This cross-sectional study conducted by researchers from VU University in Amsterdam investigated whether specific personality traits (such as neuroticism, conscientiousness and being open to experiences) are associated with an increased use of mental health services.
The background to this study is the fact that there are now many safe and effective treatments available for depression and anxiety, but many people who are ill do not look for help. Is there something in our personalities that makes us more or less likely to think that we need help?
The researchers took data from the Netherlands Study of Depression and Anxiety, which includes 762 patients recruited from general practices with one or more diagnoses of anxiety and/or depression. Outcomes were measured using the Perceived Need for Care Questionnaire and the NEO-Five Factor Inventory (for personality traits).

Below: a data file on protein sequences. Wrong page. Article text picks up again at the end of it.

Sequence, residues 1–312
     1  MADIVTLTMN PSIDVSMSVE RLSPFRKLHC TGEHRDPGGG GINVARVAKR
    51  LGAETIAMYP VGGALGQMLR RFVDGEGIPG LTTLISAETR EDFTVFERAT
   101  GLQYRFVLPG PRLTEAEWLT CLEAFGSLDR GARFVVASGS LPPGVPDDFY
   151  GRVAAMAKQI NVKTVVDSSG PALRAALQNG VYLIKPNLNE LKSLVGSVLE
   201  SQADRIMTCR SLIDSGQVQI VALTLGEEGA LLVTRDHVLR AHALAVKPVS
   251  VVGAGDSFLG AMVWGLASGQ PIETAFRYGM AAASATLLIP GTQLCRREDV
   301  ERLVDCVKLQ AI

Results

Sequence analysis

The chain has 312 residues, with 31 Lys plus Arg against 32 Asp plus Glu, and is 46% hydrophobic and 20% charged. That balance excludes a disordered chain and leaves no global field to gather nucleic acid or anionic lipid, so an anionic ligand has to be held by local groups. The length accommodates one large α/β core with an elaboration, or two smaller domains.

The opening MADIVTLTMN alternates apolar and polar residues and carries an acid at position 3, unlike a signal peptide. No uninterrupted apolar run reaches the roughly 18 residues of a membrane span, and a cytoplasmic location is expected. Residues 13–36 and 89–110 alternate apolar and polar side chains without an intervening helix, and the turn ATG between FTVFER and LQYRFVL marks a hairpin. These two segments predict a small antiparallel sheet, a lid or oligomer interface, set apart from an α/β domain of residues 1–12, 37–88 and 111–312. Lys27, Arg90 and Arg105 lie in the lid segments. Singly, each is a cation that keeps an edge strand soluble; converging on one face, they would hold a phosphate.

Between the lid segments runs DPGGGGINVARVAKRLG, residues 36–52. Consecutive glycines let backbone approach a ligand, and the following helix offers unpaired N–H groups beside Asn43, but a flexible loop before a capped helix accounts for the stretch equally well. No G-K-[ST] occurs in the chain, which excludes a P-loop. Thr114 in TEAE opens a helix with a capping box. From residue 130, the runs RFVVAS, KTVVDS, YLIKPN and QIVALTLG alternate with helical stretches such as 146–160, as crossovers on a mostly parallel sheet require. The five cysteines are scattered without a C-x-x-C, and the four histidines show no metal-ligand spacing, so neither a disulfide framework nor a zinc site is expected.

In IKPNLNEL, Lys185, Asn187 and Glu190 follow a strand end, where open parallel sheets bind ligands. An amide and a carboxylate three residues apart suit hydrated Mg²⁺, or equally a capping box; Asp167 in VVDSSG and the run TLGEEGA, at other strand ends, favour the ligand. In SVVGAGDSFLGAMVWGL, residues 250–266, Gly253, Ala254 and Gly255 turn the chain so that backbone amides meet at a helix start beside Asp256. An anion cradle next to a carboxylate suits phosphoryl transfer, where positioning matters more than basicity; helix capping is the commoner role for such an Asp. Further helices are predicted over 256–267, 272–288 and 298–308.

Here’s what they found:
- Patients with high scores for neuroticism and openness to experience were more likely to have a perceived need for care, irrespective of whether or not this need was met
- Extraversion, agreeableness and conscientiousness were largely unrelated to perceived need for care
The authors conclude:
Regardless of the severity of anxiety and depression, personality is associated with need for care. This seems to be true for neuroticism, openness to experience, agreeableness and conscientiousness. Associations with these domains were found for various types of treatment. These findings suggest that patients with different levels of personality traits need different treatments.
Seekles WM, Cuijpers P, van de Ven P, Penninx BW, Verhaak PF, Beekman AT, van Straten A. Personality and perceived need for mental health care among primary care patients. J Affect Disord. 2011 Nov 18. [Epub ahead of print] [PubMed abstract]